Male Genital Odor?

Debbie says:

(Laurie has a cold and is taking a few days off from blogging.)

The rallying cry of corporations is “find new customers,” and in the last decade or so, the cosmetics and beauty industries have been organizing a full-court press to bring in male customers. Since these industries thrive on body hatred, the goal is to get men to hate, fear, and distrust their bodies; unfortunately, the corporate interests are having at least some measure of success.

I can remember when female genital deodorants burst onto the scene (maybe the early 1980s? late 1970s?). The idea seemed strange at the time: what did these products do that soap and water didn’t? But I guess women use them, because they’re still around.

Now that specific market niche is expanding to include men. To do it in the tone of the 2000s, they had to start by inventing a new disease:

[NodorO] was specifically created to remove and prevent MGO (Male Genital Odors) and can be obtained immediately without a prescription exclusively on NodorO’s website.

President/CEO and NodorO Creator, Dominic Adams suffered from MGO since he was a teenager, until he realized his discovery. Adams personally tested the product for several years, which inspired him to share his discovery with the world and created NodorO. “I could not imagine my sexual life without NodorO anymore. I have no more fears of repulsing my partner due to bad genital odors.

So now we have a syndrome, with a three-letter acronym to make it sound Important And Real. But there’s more body hatred lurking in the wings:

MGO affects men of different ages. It is more likely to occur to men who are not circumcised, due to the moist environment between the foreskin and the glans, which is a favorable ground for development of fungi cells. … However, MGO can also happen to men who are circumcised.

Note how the copy is designed to make uncircumcised men conscious of potential “problems,” while making sure that circumcised men don’t feel immune.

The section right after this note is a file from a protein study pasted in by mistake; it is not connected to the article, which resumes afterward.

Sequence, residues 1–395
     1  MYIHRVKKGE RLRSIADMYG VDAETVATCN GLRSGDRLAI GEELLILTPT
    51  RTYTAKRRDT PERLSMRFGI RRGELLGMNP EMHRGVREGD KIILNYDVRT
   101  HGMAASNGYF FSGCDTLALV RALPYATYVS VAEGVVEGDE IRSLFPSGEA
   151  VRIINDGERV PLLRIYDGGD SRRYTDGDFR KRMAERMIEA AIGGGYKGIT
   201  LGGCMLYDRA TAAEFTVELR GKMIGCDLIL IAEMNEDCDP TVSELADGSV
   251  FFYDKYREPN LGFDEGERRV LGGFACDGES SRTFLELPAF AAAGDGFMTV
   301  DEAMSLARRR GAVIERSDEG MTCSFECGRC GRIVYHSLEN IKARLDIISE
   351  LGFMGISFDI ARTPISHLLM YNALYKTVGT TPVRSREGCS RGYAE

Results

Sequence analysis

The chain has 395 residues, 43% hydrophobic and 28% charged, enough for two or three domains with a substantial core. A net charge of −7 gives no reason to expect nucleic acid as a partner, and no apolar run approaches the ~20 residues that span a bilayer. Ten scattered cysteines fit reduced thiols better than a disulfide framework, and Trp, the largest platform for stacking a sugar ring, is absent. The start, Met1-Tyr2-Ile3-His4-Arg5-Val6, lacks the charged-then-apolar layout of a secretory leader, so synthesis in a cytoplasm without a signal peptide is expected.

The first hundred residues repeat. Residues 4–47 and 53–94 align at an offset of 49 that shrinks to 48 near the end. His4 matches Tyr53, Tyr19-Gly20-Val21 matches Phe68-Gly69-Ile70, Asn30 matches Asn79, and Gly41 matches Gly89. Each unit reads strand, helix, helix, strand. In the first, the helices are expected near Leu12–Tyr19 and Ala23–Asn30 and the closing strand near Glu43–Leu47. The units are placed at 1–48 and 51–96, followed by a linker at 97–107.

And my absolute favorite bit:

Unlike other products such as scented oils and perfumes, NodorO does not mask or cover up the smell; it kills, destroys, removes and prevents odors. “Men have had to deal with this problem for centuries, and women had to deal with their partners having MGO.”

It’s difficult to fit three major fallacies into two sentences, but they manage. First, they manage to leave “soap” out of the possible other products–in my experience, to the extent that this is ever a problem, soap is a fine solution. Second, they sneak in a completely heteronormative assumption without ever addressing it–either there are no men who have sex with men, or they like each other’s odors, or something. Undoubtedly, if the product catches on, gay men will be the next target, with their own separate ad campaign. And finally, the “for centuries” blurs the fact that the contemporary first world urban culture is historically unique in being protected from animal odors (such as manure on the street); we’ve replaced them with hydrocarbon odors. In fact, the concept of body odor is not even a century old. (I bet the NodorO folks don’t know that the first deodorant was called Odo-Ro-No.)

By the way, NodorO’s slogan is, “Lose the odor; keep your lover.” In most situations, I personally recommend keeping clean with soap and water, and then losing the lover who doesn’t like the result.

Thanks to Lynn Kendall for the pointer.

men, masculinity, body odor, hygiene, circumcision, body image, male genitals, Body Impolitic